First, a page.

reflections related to disability advocacy, family and (needed) cultural change
Tuesday, July 29, 2008
Unexpectedly Effective Advocacy #3: Yes and And
Since learning about my daughter’s diagnosis of Down syndrome and my son’s diagnosis of Non-Verbal Learning Disorder in the early 1990’s I have embraced advocacy skills—the skills of ‘speaking up.’ I have learned about successful advocacy through workshops, books and mentors and I have used these skills to change my kids’ personal situations, to improve systems and to promote public policies that support the recognition of the full citizenship of people with disabilities. Along the way I have picked up a few tricks that aren’t usually mentioned as advocacy skills, yet they work for me. Perhaps you will find them useful as well…
Last time I told you to channel Colombo, today I want you to channel Glinda the Good Witch.
But don’t worry, I am not going to ask all of you to float around in bubbles and you will never have to say, “And Toto too,” in that Glinda way! This is a real advocacy skill for use with real problems—even big, difficult, snarly problems.
Let’s face it. When we go to our meetings, whether we are working on an IEP, a job idea, legislation we would like to see, meetings with our school board, etc there will be people who have ideas about what will work for us or our child that are just wrong. We want to scream “NO!!!” at the top of our lungs. We want to follow everything we hear them say with “BUT, what about….?” And really, who could blame us?
Our ‘NO’ can be a very powerful tool and putting up with the unacceptable is, well….unacceptable.
‘No’ can be the perfect word in some situations and, sometimes, taking another tack can be even more useful.
Here’s the deal:
‘No’ is a powerful word, and it is the word that EVERYONE hates to hear. Using it sets up an argument which immediately makes the other person in your conversation dig deeper into their own position—against you. This is true whether you are talking to 2 year olds or directors of special ed.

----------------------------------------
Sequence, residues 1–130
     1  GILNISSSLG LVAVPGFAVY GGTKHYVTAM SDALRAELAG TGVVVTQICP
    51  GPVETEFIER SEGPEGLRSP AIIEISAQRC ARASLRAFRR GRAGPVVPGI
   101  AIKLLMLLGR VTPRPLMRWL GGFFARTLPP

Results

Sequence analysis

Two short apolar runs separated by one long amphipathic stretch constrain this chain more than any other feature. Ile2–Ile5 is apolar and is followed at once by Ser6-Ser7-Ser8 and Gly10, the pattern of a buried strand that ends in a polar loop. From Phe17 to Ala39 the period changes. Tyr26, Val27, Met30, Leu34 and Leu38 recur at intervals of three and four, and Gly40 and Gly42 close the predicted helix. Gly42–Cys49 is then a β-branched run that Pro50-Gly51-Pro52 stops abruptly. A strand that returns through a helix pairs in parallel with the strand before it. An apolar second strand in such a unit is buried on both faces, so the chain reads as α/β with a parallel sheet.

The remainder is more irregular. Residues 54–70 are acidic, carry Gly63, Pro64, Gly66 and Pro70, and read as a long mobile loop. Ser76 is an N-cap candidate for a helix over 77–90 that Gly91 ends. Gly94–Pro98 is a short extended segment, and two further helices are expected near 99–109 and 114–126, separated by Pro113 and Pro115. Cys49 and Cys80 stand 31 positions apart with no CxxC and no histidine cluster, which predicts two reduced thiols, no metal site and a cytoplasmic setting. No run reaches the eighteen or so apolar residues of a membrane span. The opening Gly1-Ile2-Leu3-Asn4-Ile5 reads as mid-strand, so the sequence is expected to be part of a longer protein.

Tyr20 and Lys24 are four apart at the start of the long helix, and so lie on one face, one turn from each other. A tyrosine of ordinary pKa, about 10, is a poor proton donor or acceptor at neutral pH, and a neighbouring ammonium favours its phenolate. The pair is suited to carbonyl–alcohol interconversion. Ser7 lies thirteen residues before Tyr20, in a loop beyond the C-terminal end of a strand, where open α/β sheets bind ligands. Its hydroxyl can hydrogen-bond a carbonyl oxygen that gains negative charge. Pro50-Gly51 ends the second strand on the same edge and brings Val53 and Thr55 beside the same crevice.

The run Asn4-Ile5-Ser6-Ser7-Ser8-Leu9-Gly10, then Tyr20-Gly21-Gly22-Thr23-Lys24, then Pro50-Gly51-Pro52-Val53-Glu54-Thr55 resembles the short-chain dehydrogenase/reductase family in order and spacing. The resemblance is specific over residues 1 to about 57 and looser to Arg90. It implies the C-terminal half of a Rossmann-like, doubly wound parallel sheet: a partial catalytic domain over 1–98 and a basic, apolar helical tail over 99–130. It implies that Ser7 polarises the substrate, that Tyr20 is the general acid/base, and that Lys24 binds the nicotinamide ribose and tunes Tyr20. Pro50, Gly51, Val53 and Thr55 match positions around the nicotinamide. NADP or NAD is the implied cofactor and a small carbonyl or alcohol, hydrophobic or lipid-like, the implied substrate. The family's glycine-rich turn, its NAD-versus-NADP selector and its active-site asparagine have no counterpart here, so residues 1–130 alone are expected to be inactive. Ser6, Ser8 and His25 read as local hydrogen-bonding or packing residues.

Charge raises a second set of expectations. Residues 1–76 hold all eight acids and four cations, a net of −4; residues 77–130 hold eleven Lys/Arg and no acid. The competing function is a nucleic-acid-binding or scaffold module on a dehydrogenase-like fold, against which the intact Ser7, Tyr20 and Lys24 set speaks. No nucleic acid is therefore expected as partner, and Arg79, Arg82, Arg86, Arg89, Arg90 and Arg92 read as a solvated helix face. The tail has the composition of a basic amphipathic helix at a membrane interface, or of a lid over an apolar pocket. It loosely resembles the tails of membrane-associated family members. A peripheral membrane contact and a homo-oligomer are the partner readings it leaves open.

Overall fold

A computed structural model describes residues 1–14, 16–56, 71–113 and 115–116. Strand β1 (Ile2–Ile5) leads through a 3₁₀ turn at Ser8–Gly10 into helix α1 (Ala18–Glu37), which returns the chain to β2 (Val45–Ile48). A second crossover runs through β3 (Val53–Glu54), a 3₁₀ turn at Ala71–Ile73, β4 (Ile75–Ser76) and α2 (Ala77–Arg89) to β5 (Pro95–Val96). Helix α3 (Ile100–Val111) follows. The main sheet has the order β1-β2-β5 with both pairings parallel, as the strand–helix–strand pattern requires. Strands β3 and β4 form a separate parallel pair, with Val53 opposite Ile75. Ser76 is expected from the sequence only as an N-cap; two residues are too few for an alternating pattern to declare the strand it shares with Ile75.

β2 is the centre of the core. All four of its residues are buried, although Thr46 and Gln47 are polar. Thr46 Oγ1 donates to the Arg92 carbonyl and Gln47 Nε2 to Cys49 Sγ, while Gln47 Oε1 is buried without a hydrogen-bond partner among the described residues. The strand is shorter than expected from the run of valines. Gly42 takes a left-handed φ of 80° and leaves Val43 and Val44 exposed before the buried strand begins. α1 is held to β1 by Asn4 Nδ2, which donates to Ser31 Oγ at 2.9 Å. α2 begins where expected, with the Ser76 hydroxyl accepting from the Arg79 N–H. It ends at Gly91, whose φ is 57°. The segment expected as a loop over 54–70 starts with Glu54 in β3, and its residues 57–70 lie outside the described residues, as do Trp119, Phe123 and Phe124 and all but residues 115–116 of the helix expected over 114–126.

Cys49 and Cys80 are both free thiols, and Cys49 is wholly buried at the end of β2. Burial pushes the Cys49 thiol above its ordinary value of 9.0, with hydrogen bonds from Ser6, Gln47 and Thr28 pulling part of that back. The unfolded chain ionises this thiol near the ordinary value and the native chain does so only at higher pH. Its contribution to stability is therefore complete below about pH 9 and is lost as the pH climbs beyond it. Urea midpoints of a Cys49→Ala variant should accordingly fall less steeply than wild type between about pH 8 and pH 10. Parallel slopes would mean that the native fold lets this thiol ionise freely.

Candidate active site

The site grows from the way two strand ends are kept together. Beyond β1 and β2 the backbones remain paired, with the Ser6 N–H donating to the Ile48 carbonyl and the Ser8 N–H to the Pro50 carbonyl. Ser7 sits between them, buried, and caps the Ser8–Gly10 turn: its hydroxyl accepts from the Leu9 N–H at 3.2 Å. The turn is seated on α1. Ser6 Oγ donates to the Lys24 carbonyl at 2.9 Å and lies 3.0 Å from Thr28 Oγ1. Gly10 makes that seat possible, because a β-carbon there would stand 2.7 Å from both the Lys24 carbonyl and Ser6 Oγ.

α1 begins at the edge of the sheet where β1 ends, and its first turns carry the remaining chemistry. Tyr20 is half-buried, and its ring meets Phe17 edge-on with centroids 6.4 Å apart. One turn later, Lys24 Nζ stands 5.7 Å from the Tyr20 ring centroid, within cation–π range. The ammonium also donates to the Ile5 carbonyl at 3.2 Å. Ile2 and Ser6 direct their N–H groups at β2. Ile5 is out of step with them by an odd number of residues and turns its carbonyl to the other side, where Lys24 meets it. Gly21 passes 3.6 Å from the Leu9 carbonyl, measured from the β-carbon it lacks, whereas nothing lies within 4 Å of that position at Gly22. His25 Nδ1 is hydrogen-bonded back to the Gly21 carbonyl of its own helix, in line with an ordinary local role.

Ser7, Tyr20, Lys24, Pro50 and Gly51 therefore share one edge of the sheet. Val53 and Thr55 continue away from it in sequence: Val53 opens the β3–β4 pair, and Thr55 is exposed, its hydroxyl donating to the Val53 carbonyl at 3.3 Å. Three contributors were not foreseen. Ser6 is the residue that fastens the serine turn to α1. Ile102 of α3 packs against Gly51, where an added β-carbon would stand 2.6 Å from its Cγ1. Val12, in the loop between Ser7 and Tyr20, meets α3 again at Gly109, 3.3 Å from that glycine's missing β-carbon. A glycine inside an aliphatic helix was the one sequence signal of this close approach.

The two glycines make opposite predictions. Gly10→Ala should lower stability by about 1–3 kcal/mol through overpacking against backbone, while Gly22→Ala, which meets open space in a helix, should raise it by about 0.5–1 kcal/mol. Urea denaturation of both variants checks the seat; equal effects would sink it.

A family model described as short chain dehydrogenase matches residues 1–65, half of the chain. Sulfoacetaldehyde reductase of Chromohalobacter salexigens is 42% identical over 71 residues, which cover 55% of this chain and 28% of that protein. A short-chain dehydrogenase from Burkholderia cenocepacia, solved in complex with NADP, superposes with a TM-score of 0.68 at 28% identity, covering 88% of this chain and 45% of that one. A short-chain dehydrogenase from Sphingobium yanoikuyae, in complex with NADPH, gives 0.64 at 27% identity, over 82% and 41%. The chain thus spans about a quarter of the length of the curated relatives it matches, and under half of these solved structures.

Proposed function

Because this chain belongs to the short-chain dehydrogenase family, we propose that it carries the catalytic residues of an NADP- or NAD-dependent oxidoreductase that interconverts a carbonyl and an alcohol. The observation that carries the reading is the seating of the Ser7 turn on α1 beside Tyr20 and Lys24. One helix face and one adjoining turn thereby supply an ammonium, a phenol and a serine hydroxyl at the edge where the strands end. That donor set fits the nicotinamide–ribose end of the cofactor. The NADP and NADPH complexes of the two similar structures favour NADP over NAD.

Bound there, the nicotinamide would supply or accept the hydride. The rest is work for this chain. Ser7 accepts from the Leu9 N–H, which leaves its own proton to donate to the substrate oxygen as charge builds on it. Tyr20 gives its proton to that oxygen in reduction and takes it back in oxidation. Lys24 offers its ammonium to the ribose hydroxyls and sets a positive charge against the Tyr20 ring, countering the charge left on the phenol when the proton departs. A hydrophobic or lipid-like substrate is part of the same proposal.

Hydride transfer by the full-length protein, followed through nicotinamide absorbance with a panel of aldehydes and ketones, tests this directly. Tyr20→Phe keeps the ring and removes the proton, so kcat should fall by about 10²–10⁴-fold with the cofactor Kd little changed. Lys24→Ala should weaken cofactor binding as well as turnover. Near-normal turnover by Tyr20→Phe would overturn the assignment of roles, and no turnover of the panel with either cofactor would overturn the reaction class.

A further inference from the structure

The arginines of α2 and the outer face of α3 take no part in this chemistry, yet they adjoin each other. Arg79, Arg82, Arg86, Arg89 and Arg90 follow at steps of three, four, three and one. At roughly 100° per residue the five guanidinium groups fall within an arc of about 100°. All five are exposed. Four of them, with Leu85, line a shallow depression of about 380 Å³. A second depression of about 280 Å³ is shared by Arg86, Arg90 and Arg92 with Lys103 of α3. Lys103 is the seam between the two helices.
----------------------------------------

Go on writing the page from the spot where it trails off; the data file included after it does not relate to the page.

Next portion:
‘But’ is a negator. It is used to say that everything that was said before the ‘but’ is not actually true. (Think about that phrase, “I love you, but….” See, it IS a negator!) When we say ‘but’ we say that everything you said before, or that they said before, isn’t so—again setting up an argument. (However and yet are also negators, so don’t even try it!)
Now I can be a little feisty, and I actually enjoy a good argument now and again and there are also times when arguments really don’t work for me. First of all, the other side usually becomes more dug-in when we argue… and some people actually go into meetings with me PREPARED to argue! (Can you believe it??) Second, while I am happy to argue to advance my position, arguing to lose ground or even to stay in the same place forever does not work for me—I have neither the time nor the energy!
Channel ever-positive Glinda: Use ‘Yes’ and ‘And’ instead and watch what happens.
Imagine that you are at a school board meeting and the sports boosters are proposing expensive updates to the football field—while special education languishes.
It isn’t hard to predict the fireworks that could so easily happen and could go on for the next several months.
On the other hand, what would happen if we went with a Yes/And approach?
If a dad stood up and said, “YES, I agree, the updates to the football field are long overdue. We have kids who need football scholarships to build their futures and the district should support them in this—plus we are all big fans! AND we need to bump up the special education program because our kids with disabilities need specific services to build their futures and we need to support them too!
What has happened here? Several things: • You have surprised folks who expected a fight. • You have suddenly made allies of the second-most involved parents in your school (and who knows when they might be allies for you?) • You have gotten your board thinking about possibilities instead of all-or-nothing choices. They may even come up with a way to do both, but even if they can't they are more likely to do the right thing and without blaming “those kids” and “those parents” for their decisions.
This works in a myriad of places.
When your child’s teacher says we are worried about little Doogie’s _______________ (fill in your own issue) so we are going to implement ____________________________ (fill in your own ridiculous plan that could never possibly work) so that his independent skills will improve.
Say, “YES! We are also concerned about Doogies’ ____________ and we agree that independent skills are the goal. AND we think that implementing _________________ will give him the supports to do just that."
The whole dynamic can change sometimes with these two little words AND to think “You had the answer inside of you the whole time.” Thank you, Glinda!
I am the mother of three, wife of one. I am a Partners in Policymaking graduate and a committed disability advocate. I want to catch up on my scrapbooking, learn more about art-journaling, get my house in order, read all the books I have set aside to read and change the world--not necessarily in that order. The opinions in this blog are my own and not those of any of employers.